As the G8 assembles in the remote Camp David setting in Maryland, far from the eyes of the world’s press, the world’s problems press in.
Top of the agenda will be the sharpening financial crisis in Europe, with Greece hanging onto eurozone membership by its fingertips.
In an election year, President Obama needs Europe to pull its economic weight lest revival stall at home. He finds new faces at the talks table compared to last year, and some may have ideas on growth that chime with his.
However the core problem is Europe’s to solve, and the key Franco-German relationship will be at the heart of any solution. New French President François Hollande has been elected on a promise of more growth, less austerity.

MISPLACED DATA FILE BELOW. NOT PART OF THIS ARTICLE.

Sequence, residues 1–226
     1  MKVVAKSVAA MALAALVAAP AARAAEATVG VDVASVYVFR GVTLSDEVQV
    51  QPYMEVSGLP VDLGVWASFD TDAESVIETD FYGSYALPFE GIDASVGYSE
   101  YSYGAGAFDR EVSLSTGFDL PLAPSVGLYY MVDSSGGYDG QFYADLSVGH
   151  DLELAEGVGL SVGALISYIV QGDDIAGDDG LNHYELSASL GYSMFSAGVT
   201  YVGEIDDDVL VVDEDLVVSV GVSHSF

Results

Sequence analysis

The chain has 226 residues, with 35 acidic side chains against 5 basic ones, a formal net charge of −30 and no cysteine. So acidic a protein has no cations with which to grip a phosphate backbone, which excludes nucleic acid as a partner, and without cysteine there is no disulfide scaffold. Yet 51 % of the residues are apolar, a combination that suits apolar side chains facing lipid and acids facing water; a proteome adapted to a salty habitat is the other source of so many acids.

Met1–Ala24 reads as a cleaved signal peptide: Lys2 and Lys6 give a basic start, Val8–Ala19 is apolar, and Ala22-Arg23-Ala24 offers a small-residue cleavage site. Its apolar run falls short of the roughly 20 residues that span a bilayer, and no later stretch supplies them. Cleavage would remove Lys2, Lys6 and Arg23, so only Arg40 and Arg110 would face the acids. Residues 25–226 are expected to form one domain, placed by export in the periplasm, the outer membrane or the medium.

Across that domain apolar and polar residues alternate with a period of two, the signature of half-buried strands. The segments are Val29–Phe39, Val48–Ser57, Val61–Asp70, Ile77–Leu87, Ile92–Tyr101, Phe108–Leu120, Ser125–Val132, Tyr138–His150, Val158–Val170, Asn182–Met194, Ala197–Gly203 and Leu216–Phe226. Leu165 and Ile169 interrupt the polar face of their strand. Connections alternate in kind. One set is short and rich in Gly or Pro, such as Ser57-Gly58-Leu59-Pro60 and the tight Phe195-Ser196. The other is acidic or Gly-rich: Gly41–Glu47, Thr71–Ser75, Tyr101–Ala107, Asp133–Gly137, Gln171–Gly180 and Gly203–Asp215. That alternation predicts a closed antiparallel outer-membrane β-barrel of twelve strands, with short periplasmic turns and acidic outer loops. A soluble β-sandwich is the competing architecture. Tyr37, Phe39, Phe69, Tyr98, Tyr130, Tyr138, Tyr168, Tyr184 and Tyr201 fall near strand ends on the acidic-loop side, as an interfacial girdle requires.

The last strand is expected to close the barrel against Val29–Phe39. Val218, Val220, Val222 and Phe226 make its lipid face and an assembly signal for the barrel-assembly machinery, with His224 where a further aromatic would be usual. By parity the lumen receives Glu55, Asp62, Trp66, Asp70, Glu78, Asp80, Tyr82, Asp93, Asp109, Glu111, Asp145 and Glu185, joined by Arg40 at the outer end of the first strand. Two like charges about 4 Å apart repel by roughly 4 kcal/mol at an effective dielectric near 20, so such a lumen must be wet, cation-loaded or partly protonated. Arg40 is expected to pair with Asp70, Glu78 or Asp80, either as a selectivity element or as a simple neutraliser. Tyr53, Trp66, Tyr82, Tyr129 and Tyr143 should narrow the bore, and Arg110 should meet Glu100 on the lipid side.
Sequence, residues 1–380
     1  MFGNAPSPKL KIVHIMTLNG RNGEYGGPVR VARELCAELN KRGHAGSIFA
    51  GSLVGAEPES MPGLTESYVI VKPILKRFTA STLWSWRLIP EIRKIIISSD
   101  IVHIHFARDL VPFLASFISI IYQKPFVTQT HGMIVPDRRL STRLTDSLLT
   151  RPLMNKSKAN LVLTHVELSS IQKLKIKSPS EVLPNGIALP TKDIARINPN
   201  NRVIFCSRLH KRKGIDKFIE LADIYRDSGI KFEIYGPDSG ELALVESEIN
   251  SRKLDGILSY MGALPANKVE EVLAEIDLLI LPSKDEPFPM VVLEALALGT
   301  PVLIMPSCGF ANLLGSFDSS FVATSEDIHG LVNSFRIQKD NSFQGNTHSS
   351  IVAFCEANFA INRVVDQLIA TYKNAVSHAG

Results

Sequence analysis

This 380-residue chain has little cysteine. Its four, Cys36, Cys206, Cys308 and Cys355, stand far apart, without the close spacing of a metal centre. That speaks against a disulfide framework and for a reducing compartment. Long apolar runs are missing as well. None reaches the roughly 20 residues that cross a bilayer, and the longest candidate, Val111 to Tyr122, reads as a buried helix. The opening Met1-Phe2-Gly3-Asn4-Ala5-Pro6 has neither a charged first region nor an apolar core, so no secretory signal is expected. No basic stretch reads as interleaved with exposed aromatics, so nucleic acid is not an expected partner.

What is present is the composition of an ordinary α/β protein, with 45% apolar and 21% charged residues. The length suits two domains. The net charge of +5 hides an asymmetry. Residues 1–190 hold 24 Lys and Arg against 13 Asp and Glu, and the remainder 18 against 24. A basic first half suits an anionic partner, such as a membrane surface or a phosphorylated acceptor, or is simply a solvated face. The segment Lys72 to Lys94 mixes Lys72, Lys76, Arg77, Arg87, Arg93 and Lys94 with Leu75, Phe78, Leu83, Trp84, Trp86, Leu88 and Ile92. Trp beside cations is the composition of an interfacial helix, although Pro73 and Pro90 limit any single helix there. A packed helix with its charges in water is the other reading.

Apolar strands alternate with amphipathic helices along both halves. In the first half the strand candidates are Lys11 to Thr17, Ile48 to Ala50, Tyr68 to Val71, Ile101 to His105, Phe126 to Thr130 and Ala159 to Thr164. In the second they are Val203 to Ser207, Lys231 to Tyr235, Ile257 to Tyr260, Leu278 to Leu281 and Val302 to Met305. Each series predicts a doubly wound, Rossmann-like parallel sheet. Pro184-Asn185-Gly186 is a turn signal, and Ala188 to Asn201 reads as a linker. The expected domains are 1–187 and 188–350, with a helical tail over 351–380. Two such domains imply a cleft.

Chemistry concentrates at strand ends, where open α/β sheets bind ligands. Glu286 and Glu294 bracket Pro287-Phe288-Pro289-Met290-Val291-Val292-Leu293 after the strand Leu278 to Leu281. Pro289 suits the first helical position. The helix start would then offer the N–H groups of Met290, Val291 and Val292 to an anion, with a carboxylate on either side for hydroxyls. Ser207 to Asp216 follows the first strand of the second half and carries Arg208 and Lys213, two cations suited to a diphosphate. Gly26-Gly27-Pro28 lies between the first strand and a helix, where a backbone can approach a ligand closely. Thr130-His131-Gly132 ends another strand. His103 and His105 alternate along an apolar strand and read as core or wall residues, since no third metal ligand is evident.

German leader Angela Merkel is herself under pressure from the SPD at home and may argue the money is simply not there; in this she may find an ally in Britain’s David Cameron, still wedded to an austerity-first policy at home.
While Greece will take up a large part of the economic talks and is almost on hourly watch for signs of panic, the other agenda-topper is Syria.
The UN says 14 months of civil unrest there are now estimated to have cost at least 10,000 lives, and the five-week truce is now seriously weakened after a series of bloody clashes and bombings.
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